Florida Trust Litigation Lawyers
Handling Estate Disputes for Clients Since 2002
Trusts are used by many individuals who are seeking to avoid the courtroom during the probate process. Trusts can provide for the distribution of assets when a person dies without the need for a will. By using trusts, you not only avoid probate court but can also save your beneficiaries time, money, and aggravation.
Trusts, however, are not guaranteed to always avoid courtroom litigation. There are many times when trustees, beneficiaries, or others with an interest in the trust’s assets will challenge a trust, the actions of a trustee, or the validity of the trust itself. When this occurs, lawsuits must be filed.
What Are the Grounds for Contesting a Trust in Florida?
Sometimes a beneficiary who receives less than expected or who was cut out completely from the trust can file a lawsuit challenging the legal validity of the trust on any number of grounds.
This type of trust litigation can include:
- Undue Influence: An undue influence claim challenges whether the person making the trust did so freely and without being coerced by a person who was in a position of confidence and control.
- Lack of Capacity: This type of claim is asserted based upon the belief that at the time the trust was executed the person making the Trust did not have the requisite mental ability to understand the amount and nature of their property, the family members and loved ones who would ordinarily receive such property, and how the will disposes of such property.
- Mistake in Execution: An express trust must be executed in conformance with Florida Statute §736.0403. If this statute is not followed, the trust may not be valid.
What If My Trustee Did Not Act In My Best Interests?
Many trust litigation lawsuits in Florida are focused upon the actions or inaction of the trustee, which can include the following:
- Breach of Fiduciary Duty: Failure to properly administer a trust, either by overt act or by omission, can be actionable. Sometimes the remedy sought is removal of the fiduciary, but when funds have been wasted or mismanaged or excessive fees have been taken, the remedy is a surcharge action.
- Surcharge Action: The purpose of a surcharge against a fiduciary is to restore the losses sustained by the fiduciary’s breach of duty.
- Accounting: Beneficiaries have the right to an accounting. If one has not been provided, then a beneficiary can seek the court’s assistance to compel the fiduciary to account for the trust assets. If an accounting has been provided and is objectionable for any reason, then the beneficiary can object to the accounting and seek judicial intervention.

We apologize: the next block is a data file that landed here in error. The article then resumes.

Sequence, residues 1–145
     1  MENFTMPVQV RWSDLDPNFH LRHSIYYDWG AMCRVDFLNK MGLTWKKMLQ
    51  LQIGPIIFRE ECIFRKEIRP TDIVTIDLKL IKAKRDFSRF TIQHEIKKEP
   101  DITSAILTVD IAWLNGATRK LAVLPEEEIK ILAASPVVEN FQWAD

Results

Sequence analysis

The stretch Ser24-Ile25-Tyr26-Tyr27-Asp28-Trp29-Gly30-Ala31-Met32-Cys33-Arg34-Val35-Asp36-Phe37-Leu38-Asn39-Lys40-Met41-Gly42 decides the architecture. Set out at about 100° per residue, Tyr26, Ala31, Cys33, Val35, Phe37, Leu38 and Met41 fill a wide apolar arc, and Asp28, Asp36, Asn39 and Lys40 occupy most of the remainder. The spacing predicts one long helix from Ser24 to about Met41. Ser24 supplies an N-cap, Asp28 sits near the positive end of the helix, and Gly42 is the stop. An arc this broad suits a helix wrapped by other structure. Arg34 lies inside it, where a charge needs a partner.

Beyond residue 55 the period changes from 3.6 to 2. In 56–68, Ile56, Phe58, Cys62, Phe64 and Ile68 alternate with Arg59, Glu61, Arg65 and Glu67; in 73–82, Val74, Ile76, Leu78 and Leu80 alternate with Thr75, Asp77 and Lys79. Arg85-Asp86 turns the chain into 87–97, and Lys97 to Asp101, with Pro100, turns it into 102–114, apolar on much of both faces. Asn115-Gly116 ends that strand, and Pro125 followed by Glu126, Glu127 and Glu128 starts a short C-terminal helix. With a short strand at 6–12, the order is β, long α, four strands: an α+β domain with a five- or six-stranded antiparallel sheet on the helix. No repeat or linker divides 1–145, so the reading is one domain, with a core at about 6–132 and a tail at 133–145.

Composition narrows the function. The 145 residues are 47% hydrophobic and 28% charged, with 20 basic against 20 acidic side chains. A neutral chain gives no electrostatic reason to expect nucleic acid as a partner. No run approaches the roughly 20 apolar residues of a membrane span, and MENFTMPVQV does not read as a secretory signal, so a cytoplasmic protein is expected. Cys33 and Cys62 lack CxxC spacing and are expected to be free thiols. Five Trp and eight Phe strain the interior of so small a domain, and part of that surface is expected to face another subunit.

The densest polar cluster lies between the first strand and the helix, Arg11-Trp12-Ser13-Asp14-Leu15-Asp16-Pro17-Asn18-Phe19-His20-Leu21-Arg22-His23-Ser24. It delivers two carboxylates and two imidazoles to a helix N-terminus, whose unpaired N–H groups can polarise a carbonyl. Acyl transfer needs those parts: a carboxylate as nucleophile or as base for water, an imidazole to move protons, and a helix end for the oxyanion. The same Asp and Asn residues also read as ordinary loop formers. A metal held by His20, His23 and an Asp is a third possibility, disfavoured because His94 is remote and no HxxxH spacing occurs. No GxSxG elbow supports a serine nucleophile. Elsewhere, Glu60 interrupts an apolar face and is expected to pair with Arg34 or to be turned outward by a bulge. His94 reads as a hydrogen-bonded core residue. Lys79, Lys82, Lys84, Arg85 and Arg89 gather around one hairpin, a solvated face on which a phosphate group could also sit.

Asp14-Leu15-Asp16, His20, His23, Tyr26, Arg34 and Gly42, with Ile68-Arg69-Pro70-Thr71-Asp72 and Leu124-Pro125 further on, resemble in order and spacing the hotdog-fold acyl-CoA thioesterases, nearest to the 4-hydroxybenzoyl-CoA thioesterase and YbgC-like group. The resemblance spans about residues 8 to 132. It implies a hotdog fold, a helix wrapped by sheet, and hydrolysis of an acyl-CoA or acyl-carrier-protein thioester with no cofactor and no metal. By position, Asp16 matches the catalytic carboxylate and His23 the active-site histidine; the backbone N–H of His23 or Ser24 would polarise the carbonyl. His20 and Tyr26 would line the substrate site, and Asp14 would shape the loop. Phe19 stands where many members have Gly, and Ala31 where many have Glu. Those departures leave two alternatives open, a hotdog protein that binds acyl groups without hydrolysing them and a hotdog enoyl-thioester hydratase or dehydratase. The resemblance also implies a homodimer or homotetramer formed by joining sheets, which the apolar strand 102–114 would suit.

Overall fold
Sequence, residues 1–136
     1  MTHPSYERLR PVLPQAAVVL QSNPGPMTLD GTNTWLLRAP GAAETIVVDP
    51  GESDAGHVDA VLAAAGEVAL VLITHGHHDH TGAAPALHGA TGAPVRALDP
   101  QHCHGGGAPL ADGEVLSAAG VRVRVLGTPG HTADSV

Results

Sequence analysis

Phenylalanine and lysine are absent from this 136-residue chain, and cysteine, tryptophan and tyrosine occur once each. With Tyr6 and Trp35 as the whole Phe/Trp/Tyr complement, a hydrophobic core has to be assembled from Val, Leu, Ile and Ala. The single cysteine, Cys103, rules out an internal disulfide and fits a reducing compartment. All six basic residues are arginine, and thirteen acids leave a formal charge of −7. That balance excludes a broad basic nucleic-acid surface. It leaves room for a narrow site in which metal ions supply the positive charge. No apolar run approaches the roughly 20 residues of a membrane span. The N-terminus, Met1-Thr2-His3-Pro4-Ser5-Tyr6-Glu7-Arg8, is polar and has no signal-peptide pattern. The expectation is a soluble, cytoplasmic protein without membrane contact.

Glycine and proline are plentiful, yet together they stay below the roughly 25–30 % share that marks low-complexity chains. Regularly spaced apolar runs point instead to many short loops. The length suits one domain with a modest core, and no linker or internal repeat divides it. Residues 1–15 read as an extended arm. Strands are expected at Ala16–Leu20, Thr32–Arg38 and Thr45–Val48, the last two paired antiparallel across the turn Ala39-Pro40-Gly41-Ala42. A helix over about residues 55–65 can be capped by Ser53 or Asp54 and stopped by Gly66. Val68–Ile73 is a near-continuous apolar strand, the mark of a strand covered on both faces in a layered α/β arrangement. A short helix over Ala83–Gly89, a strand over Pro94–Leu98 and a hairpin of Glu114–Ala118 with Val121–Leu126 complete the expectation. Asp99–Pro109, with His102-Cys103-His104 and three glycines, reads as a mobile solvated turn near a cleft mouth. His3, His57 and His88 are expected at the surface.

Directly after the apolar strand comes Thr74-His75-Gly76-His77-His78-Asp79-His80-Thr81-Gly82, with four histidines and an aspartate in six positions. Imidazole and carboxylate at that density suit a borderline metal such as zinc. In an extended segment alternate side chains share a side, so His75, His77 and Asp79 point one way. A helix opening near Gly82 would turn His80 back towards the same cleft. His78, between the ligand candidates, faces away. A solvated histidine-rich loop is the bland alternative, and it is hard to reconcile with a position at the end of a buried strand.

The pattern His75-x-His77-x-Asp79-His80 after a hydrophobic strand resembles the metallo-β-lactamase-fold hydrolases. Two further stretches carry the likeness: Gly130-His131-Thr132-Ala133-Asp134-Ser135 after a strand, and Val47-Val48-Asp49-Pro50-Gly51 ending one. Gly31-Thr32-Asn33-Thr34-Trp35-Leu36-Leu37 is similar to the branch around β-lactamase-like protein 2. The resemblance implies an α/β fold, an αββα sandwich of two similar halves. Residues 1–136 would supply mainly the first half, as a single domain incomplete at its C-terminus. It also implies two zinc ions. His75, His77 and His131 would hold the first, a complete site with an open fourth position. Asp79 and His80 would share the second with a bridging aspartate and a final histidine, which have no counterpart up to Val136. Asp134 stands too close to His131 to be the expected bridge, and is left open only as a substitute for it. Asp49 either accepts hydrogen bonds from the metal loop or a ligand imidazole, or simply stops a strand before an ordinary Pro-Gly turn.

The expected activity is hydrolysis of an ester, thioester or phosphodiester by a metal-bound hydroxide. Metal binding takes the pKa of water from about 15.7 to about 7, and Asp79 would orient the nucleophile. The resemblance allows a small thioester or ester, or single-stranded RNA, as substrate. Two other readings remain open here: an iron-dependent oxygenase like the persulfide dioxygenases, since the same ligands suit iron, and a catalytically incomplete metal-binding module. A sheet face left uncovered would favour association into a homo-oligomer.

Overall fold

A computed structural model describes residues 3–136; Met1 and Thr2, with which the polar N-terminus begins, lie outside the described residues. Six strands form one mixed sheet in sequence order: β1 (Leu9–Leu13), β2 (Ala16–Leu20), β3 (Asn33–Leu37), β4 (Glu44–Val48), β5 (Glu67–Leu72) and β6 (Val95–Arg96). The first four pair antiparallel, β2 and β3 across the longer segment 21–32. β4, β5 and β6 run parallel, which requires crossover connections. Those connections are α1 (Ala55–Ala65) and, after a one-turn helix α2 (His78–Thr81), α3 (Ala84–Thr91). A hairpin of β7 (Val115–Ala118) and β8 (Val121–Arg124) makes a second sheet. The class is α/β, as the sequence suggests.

Are There Alternatives to Contesting a Trust in Court?
There are several options under Florida’s Trust Code for trust beneficiaries or interested persons who are seeking justice in connection with a trust other than seeking to have the trust declared invalid. These options include:
- Nonjudicial Settlement Agreements: Under Florida Trust Code §736.0111, interested persons can enter into a binding nonjudicial settlement agreement concerning virtually any trust matter. Many lawsuits can be avoided through the parties working out a nonjudicial settlement agreement (outside of court). The advantage of this type of resolution is that it avoids the often uncertain outcome that comes with trying a case through a verdict and gives the parties some control over the ultimate result.
- Trust Modification and Termination: Oftentimes, a trust dispute can be resolved through simple modification, termination, or reformation of the trust. The Florida Trust Code permits trust modifications in a manner consistent with the settlor’s purposes for the trust. Section 736.04115 permits judicial modifications in the best interest of the beneficiaries and §736.0412 permits nonjudicial modifications of trusts.
- Uneconomic Trust Can Be Terminated: Section 736.0414 of the Florida Trust Code provides a mechanism for a trustee or a court to modify or terminate an uneconomic trust. A trustee of a trust with property worth less than $50,000 may terminate the trust on its own initiative if the trustee concludes that the value of the trust property is insufficient to justify the cost of administration. In addition, upon application of a trustee or any qualified beneficiary, a court can modify or terminate a trust, or remove or appoint a different trustee, if the court determines that the value of the trust property is insufficient to justify the cost of administration.
- Trust Reformation: Under Section 736.0415, an interested person may ask the court to reform the terms of a trust to conform to the settlor’s intentions if it is proved by clear and convincing evidence that both the accomplishment of the settlor’s intent and the terms of the trust were affected by a mistake. Under this section, reformation is available for both mistakes of law and of fact, whether or not the terms of the trust are ambiguous.
- Trustee Removal: A trustee can resign with court approval or, in lieu thereof, by giving at least 30s days' notice to the settlor (if living), the co-trustees (if any), and all qualified beneficiaries. In either case, a trustee’s resignation does not discharge any liability of the resigning trustee or any sureties on the trustee’s bond.
Speak to an Experienced Trust Litigator in Florida
If you have questions or concerns about a trust litigation matter, then please reach out to Adrian Philip Thomas, P.A. to find out how we can assist you. Our caring and aggressive legal advocates have been serving clients since 2002, and we are prepared to use our extensive resources to fight for the justice you deserve.
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